Agenda 21 recommends that existing national, subregional, regional and international information systems should be developed and linked through regional clearing-houses covering broad-based sectors of the economy such as agriculture, industry and energy. Such a network might, [inter alia], include national, subregional and regional patent offices that are equipped to produce reports on state-of-the-art technology. The international and regional clearing-houses would take the initiative in helping users to identify their needs and in disseminating information that meets those needs, including the use of existing news, public information and communication systems. The disseminated information would highlight and detail concrete cases where environmentally sound technology was successfully developed and implemented. In order to be effective, the clearing-houses need to provide not only information, but also referrals to other services, including sources of advice, training, technology and technology assessment. The clearing-houses would thus facilitate the establishment of joint ventures and partnerships of various kinds.
This strategy features in the framework of Agenda 21 as formulated at UNCED (Rio de Janeiro, 1992), now coordinated by the United Nations Commission on Sustainable Development and implemented through national and local authorities.
The Encyclopedia of World Problems and Human Potential is a unique, experimental research work of the Union of International Associations. It is currently published as a searchable online platform with profiles of world problems, action strategies, and human values that are interlinked in novel and innovative ways. These connections are based on a range of relationships such as broader and narrower scope, aggravation, relatedness and more. By concentrating on these links and relationships, the Encyclopedia is uniquely positioned to bring focus to the complex and expansive sphere of global issues and their interconnected nature.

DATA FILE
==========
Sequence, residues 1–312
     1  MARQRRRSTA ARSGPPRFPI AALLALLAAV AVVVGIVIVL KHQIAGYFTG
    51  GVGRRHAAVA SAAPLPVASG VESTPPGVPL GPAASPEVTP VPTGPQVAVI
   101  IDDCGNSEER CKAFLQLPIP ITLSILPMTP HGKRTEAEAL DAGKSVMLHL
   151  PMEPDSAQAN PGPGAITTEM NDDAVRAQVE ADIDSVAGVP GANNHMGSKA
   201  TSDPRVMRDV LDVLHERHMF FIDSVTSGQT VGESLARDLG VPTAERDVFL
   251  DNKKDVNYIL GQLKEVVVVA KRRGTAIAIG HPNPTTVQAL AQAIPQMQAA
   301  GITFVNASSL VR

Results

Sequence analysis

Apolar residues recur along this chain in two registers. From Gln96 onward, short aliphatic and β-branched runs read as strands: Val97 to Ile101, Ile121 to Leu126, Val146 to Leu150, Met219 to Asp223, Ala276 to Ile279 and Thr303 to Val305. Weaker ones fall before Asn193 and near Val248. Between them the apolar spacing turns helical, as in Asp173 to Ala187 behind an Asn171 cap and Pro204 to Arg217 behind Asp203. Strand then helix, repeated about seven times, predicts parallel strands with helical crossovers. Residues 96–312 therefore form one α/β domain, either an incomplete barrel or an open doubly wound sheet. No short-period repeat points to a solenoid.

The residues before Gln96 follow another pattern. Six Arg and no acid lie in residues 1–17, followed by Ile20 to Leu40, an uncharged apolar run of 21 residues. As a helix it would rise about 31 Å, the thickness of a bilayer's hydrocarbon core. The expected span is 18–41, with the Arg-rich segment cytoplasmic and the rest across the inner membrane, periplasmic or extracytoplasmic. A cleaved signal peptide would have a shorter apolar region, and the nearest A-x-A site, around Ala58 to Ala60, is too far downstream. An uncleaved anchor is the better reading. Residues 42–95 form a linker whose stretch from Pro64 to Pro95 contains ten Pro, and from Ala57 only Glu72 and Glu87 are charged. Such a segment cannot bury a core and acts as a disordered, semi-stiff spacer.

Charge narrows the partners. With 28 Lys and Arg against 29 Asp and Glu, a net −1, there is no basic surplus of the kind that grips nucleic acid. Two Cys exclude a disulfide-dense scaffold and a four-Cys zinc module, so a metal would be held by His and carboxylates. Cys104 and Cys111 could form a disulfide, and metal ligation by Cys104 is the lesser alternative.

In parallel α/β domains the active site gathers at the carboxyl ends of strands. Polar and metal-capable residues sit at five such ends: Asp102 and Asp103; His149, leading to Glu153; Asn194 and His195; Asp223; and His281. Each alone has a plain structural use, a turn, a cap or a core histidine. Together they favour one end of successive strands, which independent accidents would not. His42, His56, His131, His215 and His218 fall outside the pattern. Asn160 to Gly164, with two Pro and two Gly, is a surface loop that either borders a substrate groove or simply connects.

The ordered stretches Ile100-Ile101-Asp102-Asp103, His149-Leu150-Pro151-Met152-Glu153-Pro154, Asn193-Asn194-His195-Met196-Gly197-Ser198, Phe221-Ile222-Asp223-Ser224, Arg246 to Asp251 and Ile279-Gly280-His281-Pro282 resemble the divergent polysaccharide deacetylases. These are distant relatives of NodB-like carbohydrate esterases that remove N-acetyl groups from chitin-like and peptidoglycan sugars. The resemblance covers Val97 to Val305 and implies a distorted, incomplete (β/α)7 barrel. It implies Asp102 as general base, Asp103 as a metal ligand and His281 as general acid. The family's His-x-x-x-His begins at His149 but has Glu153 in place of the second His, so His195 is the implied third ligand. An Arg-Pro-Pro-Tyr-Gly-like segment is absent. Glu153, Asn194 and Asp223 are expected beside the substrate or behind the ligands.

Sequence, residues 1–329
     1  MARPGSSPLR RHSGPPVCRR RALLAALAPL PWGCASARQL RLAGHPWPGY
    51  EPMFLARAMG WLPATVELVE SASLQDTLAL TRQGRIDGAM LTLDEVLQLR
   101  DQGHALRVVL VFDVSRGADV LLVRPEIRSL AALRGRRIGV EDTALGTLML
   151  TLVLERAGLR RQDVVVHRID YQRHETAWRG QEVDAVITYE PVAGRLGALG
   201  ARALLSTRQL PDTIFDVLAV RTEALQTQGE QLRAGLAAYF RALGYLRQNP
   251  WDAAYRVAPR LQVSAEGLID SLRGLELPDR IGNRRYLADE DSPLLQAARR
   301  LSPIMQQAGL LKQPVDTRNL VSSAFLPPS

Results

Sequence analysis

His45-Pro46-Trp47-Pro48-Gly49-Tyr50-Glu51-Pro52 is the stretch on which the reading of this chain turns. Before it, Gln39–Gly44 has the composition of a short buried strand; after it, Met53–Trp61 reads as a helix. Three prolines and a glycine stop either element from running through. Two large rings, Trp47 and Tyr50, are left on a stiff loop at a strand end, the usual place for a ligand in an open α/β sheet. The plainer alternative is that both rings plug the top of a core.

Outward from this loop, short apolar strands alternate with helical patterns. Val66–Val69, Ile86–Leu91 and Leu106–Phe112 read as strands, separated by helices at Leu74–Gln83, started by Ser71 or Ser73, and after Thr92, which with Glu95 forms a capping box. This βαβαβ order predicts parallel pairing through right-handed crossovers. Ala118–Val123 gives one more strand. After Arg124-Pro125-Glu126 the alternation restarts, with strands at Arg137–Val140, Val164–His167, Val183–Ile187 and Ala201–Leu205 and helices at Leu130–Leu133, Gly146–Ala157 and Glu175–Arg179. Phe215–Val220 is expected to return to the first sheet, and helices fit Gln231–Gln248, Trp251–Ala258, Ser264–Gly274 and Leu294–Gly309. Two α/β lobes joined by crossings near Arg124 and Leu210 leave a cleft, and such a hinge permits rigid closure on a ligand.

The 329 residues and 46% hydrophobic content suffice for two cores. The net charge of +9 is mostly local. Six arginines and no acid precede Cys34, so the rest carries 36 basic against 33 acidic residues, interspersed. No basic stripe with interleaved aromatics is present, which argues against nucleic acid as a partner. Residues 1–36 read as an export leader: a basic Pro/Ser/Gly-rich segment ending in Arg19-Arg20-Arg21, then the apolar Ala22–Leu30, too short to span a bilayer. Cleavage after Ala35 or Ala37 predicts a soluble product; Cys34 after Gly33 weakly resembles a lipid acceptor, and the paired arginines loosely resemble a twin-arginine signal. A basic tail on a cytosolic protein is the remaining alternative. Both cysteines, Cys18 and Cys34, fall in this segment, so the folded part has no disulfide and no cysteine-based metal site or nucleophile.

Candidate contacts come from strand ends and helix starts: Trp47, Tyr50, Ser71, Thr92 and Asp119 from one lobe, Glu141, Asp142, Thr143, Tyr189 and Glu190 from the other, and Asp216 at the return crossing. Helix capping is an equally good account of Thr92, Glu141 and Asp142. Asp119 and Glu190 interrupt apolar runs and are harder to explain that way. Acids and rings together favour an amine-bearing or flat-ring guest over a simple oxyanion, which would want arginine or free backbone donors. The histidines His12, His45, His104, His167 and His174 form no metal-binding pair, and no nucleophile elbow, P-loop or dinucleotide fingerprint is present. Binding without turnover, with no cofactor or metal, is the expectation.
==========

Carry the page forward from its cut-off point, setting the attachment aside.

The initial content for the Encyclopedia was seeded from UIA’s Yearbook of International Organizations. UIA’s decades of collected data on the enormous variety of association life provided a broad initial perspective on the myriad problems of humanity. Recognizing that international associations are generally confronting world problems and developing action strategies based on particular values, the initial content was based on the descriptions, aims, titles and profiles of international associations.
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